Anyway, the appendix material is bountiful enough to be used as a good portion of a third film whereas the Hobbit novel has so much great material in it, that I'm not surprised Jackson wants to do it justice with two films. Anyway, I'm curious how he's going to end/begin each film considering his original plans were only for two films.
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Re:

Postby Sonic Youth » Mon Jul 30, 2012 3:46 pm

The Hobbit is a much more concise book (and adventure). I didn't know the novel was shorter than any individual book in the trilogy, but needless to say it's much, much shorter than the trilogy itself. I'm actually very fond of The Hobbit, far more so than the trilogy, but have no appetite for two installments, let alone three. A single film would work perfectly fine.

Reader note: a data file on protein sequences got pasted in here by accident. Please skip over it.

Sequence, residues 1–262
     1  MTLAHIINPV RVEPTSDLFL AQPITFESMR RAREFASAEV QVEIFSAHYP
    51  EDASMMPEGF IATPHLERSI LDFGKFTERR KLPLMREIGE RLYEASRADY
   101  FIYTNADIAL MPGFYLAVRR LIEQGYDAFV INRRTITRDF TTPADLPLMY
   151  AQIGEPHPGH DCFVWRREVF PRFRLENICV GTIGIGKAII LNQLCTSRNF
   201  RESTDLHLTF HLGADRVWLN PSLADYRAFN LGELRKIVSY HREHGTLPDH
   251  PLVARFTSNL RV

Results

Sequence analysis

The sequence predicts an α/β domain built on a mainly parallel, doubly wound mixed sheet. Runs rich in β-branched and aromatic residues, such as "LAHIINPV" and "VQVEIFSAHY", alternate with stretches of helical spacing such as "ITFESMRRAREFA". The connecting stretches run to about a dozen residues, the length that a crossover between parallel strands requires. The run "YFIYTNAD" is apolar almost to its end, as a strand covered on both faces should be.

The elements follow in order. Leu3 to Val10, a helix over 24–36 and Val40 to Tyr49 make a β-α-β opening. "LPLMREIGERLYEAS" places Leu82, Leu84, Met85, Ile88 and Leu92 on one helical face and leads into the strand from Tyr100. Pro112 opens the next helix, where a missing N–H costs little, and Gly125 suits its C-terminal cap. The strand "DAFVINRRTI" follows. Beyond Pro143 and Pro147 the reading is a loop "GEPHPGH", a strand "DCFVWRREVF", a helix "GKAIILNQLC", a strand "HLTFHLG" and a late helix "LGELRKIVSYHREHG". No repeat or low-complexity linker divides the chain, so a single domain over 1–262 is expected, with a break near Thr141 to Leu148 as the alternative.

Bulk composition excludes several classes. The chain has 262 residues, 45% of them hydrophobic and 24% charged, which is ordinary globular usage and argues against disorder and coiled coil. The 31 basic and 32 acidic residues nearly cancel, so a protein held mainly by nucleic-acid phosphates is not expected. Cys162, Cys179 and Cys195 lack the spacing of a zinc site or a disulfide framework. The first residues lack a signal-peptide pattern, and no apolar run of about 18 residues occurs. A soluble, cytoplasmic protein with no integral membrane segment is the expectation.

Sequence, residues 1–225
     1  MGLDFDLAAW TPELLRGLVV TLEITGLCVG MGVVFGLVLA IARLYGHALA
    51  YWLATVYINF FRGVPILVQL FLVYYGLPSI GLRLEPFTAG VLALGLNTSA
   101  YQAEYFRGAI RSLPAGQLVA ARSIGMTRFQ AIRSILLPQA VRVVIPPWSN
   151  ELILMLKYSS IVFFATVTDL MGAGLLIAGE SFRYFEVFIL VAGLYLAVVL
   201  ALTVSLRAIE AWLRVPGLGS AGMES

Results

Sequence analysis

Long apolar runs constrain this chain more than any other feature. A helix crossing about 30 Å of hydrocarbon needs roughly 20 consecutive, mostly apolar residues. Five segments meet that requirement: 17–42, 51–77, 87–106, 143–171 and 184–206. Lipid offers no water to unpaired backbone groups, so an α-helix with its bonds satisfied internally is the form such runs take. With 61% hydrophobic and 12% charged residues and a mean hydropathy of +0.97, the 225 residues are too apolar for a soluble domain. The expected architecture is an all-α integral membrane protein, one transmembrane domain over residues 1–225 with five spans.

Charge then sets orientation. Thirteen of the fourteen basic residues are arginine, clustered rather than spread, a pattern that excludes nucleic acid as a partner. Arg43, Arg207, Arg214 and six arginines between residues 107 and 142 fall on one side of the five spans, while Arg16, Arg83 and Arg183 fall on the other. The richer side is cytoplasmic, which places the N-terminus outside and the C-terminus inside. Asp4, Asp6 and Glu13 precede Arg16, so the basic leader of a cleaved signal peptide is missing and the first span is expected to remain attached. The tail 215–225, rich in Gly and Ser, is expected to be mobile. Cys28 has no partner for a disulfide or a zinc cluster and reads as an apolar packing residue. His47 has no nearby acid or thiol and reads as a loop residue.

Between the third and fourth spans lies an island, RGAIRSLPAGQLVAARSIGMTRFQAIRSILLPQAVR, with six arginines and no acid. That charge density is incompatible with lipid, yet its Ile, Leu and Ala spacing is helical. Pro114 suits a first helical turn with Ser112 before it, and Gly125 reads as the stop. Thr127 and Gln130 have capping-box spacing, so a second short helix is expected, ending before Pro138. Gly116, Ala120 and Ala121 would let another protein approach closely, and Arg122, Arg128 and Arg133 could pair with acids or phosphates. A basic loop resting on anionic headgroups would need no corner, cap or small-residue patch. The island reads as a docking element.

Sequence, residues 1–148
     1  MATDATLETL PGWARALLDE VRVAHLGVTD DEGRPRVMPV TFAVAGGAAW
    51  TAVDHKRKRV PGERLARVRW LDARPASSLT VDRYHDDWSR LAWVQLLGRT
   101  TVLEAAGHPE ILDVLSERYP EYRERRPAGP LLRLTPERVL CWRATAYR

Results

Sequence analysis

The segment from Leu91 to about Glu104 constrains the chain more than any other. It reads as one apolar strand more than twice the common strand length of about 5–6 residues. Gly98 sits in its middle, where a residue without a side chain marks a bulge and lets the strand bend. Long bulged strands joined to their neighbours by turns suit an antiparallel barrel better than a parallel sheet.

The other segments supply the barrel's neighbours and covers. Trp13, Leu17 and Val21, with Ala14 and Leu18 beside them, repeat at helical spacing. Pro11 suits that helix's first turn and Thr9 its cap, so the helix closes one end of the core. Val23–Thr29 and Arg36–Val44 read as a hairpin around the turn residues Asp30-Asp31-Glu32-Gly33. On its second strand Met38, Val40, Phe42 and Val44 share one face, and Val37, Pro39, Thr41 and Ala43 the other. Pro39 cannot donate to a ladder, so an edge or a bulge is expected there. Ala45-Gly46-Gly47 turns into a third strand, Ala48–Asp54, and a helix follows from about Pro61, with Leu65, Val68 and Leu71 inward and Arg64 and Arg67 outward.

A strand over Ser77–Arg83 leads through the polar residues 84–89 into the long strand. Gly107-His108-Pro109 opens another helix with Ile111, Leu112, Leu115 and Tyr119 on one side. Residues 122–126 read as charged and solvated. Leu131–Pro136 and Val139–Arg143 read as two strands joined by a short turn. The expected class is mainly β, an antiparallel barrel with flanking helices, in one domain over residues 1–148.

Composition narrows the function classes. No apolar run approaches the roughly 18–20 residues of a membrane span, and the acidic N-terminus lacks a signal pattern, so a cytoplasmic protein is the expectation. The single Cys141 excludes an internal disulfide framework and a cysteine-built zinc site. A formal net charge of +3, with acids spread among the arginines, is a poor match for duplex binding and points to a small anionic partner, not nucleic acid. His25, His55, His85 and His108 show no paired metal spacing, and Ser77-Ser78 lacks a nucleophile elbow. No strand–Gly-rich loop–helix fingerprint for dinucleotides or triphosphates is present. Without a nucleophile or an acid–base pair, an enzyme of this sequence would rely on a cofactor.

(Points of disclosure: a). I only read 1.5 books of the trilogy before giving up, and b). Truth be told, I'm not interested in seeing one Hobbit film, let alone two, but that's another topic...)

Ah, appendices! Sometimes appendices are appendices for a reason. It's very nice that Jackson wants to pay Tolkein the proper respect he deserves. I hope there are enough fans so that the series pays for itself, but I'm all LOTR'd out.
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Re: Re:

Postby Big Magilla » Mon Jul 30, 2012 3:01 pm

rolotomasi99 wrote:Hobbit Trilogy Is Confirmed
Two films will become three.
Jackson said "So, without further ado and on behalf of ... Wingnut Films, and the entire cast and crew of The Hobbit films, I’d like to announce that two films will become three."


Jackson's production company is rather aptly named, is it not?
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Re: